4. In the Apex Class field, look for an Apex class that starts with “External Service” and includes “IN_body”.
  5. When all looks good, click Done.

Step 4: Assign fields

You’ve made it to the fourth and final step in configuring your new HTTP callout action, where you’ll map data from your flow into your callout request.

  1. From the flow canvas, above your new HTTP callout action, add an Assignment element.
  2. On the left, select your Apex-defined variable and select a desired field, then map it to the corresponding field from your flow. Do this for each of the fields that are needed to be populated in the API.

Add an Assignment element to map Flow data into your callout request.

  1. Double-check your work, then click Done.

Congrats, you’ve configured your first HTTP callout in Flow!

Now, you need to figure out what to do with the API response. The beauty is that the response data is all parsed for you and available as Flow resources. So, whether you’re adding a record, updating a record, or displaying the returned data on a screen, simply look for your action’s output, and you can navigate the data structure of the API response and use those fields in your flow.

For example, it’s common to add a Decision element after your HTTP callout action to determine if the transaction was successful. If the API response code is in the 200 range, proceed with your flow. If the API response code is anything other than in the 200 range, you can retry the action (just make sure not to create an endless loop if the API continues to fail!). You can see an example of such a Decision in this screenshot:

This Decision element creates outcomes for successful—and unsuccesful—API response codes, so the flow can proceed accordingly.

Assuming that the transaction was successful, your next step largely depends on whether it was a GET or a POST. We just went through a POST method, where we add a record to an external system. So, if the transaction was successful, you might want to simply mark the transaction as successful or potentially update a record status.

For the GET method, where data is returned from the API, you can use the action’s output to do things like create and update records or display the returned data on a screen.

An added bonus of using Flow HTTP Callout is that Flow provides a robust toolset to debug your flow. So, save your flow and run it in debug. In the debug panel on the right, you can see the data flowing into your action as inputs, as well as what data is available from the response as outputs.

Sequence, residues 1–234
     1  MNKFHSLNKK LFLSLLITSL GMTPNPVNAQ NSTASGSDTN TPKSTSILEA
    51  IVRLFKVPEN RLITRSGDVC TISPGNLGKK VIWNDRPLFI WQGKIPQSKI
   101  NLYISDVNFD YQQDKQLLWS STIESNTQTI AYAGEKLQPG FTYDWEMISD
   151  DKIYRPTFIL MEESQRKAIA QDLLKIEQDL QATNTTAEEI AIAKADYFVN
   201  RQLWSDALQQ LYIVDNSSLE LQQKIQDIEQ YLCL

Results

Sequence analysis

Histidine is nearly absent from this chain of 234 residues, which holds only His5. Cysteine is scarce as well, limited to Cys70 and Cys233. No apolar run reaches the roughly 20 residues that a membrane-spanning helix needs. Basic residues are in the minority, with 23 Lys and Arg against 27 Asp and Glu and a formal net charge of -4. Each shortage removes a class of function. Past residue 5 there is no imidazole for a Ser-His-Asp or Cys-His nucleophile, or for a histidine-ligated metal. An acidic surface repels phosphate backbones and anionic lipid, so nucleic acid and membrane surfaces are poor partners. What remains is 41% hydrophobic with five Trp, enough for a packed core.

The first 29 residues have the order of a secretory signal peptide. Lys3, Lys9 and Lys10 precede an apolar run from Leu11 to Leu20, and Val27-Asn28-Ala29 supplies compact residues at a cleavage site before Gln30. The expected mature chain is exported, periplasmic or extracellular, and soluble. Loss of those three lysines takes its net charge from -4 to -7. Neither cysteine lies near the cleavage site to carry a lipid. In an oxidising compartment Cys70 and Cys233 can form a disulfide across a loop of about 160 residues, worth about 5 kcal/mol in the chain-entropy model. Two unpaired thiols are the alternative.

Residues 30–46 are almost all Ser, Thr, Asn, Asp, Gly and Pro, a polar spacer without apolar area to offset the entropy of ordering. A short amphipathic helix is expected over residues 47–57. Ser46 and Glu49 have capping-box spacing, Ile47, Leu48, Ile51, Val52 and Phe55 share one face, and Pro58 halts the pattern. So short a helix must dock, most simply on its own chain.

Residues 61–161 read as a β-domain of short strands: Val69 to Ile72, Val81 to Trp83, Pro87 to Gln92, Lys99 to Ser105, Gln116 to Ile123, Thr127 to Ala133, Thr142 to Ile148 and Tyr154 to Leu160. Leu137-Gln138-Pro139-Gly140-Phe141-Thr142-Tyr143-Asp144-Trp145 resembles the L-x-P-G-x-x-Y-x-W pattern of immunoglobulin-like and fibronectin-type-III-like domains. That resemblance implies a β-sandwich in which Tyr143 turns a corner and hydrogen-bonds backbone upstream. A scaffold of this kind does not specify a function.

It’s easier than ever to build new API-based integrations in Flow! Once you’ve tried it, share your experience and ask questions in the Flow HTTP Callout Trailblazer Community Group. We’d love to hear from you!


Upgrade to Hyperforce with Confidence Using Hyperforce Assistant

Upgrade to Hyperforce with Confidence Using Hyperforce Assistant

Demystifying Hyperforce for admins As a Salesforce Admin, you might be wondering, what is Hyperforce? Put simply, Hyperforce is Salesforce’s new public cloud-based infrastructure designed to support Salesforce services for the future. A cloud-native architecture, Hyperforce will replace our existing first-party infrastructure and provide significant benefits to our customers, including data residency, enhanced security, availability, […]

Introducing Invocable Composer Flows.

Introducing Invocable Composer Flows: Automate End-to-End Across All of Salesforce

What are Invocable Composer Flows? MuleSoft Composer is an integration tool designed for admins, business analysts, marketers, salespeople, and team leaders. Using Composer, you can quickly and easily build flows to integrate systems and data and automate integration tasks. It’s a no-code tool you can use to build automations with only clicks. To further supercharge […]

Cloudy standing next to text that says, "Create Workflows in Data Cloud Using Flow."

Create Workflows in Data Cloud Using Flow

Are you a Salesforce Admin who wants to streamline and optimize key Data Cloud processes such as ingestion, identity resolution, calculated insights (CIs), segments, and activation? If so, you’ve come to the right place. In this blog post, we’ll explore how you can use Salesforce Data Cloud and Flow together to create custom workflows to […]